(Extra note, added later: Any time you're cooking more that 45 minutes or so, I've found that I'll have to add more coals. I keep a stack of burning briquettes off to the side of my cooking area and replenish it by 4-5 coals at a time, just to keep a good fresh supply and maintain the heat on the ovens.)

It IS critical to turn the oven every 15 minutes or so. Just lift the oven by the wire and turn it about a quarter turn, then turn the lid a quarter turn back the other direction. This assures that the bread isn’t over or under the same hot spots for the whole baking period. Another thing I did was to cook the last fifteen or so minutes with top heat only.

I’m not sure how to describe these rolls, but they’re a little bit denser than normal, and the flavor is really sweet.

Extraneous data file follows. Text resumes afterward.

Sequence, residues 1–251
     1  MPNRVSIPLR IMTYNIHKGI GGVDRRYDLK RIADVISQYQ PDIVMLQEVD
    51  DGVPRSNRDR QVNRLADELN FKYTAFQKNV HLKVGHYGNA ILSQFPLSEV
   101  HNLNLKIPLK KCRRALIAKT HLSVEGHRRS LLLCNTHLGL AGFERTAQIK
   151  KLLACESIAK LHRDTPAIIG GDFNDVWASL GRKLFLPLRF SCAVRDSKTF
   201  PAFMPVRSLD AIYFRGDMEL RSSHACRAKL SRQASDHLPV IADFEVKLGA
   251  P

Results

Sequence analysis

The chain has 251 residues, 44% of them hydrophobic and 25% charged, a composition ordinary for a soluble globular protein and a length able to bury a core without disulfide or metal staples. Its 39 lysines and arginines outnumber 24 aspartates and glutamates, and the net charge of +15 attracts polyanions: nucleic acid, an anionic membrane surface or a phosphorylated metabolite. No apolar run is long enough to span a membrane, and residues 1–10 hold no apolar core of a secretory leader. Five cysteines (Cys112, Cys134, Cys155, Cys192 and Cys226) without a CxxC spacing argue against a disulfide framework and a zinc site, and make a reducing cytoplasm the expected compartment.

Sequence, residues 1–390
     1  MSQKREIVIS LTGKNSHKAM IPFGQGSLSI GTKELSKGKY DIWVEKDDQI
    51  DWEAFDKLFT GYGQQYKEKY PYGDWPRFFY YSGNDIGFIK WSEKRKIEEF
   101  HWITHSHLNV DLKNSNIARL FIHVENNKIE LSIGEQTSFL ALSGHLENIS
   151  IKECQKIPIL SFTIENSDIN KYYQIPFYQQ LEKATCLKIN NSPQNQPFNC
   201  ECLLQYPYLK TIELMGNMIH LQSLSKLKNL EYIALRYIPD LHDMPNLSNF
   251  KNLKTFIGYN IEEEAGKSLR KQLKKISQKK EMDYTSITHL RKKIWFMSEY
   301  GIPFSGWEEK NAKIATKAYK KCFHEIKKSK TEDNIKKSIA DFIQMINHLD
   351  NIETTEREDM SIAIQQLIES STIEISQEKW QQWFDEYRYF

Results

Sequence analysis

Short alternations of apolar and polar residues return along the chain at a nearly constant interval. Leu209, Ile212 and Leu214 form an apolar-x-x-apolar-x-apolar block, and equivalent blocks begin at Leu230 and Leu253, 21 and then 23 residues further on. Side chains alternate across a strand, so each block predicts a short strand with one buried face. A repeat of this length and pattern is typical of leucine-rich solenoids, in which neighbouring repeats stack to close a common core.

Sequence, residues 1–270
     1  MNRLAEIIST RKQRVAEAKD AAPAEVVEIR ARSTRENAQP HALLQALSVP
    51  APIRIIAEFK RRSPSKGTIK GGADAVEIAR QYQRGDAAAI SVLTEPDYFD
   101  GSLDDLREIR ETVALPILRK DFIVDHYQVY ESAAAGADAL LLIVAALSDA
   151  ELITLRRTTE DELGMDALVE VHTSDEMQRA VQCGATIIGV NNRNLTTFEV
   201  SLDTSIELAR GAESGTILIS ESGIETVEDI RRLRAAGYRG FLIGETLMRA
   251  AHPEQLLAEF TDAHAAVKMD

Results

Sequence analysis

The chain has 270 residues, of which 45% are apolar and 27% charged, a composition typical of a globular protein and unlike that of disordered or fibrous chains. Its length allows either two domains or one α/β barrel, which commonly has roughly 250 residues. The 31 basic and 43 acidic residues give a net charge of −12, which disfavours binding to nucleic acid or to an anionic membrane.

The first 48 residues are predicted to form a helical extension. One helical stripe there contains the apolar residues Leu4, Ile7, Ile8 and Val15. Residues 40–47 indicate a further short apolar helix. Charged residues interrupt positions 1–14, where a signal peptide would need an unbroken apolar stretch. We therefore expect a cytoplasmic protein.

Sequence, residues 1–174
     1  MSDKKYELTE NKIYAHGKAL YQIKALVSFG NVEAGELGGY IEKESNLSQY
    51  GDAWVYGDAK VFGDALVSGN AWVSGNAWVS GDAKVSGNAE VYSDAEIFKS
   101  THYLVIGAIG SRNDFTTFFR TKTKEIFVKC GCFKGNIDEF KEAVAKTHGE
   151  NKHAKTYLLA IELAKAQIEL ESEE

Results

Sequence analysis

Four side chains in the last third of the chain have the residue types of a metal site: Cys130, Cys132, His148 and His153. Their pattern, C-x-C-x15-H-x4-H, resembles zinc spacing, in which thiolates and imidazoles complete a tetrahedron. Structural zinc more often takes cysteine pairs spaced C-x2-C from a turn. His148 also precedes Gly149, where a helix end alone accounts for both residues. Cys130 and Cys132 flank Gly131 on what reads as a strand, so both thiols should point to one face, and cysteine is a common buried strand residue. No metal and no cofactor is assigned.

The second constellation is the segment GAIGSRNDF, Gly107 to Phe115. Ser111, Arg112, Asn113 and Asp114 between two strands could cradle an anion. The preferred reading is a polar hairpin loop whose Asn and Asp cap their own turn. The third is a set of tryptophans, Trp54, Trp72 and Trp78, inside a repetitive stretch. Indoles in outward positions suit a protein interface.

My folks loved it! Hope yours do, too!


  1. Good luck with your competition. A cooking method I use is the two-thirds method when cooking bread and/or sweets that tend to burn. A method I found in "Lovin' Dutch Ovens" by Joan S Larsen, page 20. Basically you cook the dish with charcoal with top and bottom heat for two-thirds of the cooking time then finish the dish with just the top heat by pulling the DO off the bottom coals. I've eliminated a lot of burnt bottoms using this method.

    I have a question about your roll recipe. Do you proof the rolls after putting the pieces of dough in the DO or do you start cooking them right away?

    DOC Opa

  2. Hey, thanks for the suggestion! I'll try that today!

    As for the question, I'm not sure what "proofing" means...



  4. Ah! Thanks for the link. Now I get it!

    In this particular recipe, I've just baked it. Let it rise as a big dough ball, then form the smaller balls for each roll, put them in the DO and bake them.

    It's a slower, cooler bake than most breads I've seen, so maybe it takes that into account...



Related Posts with Thumbnails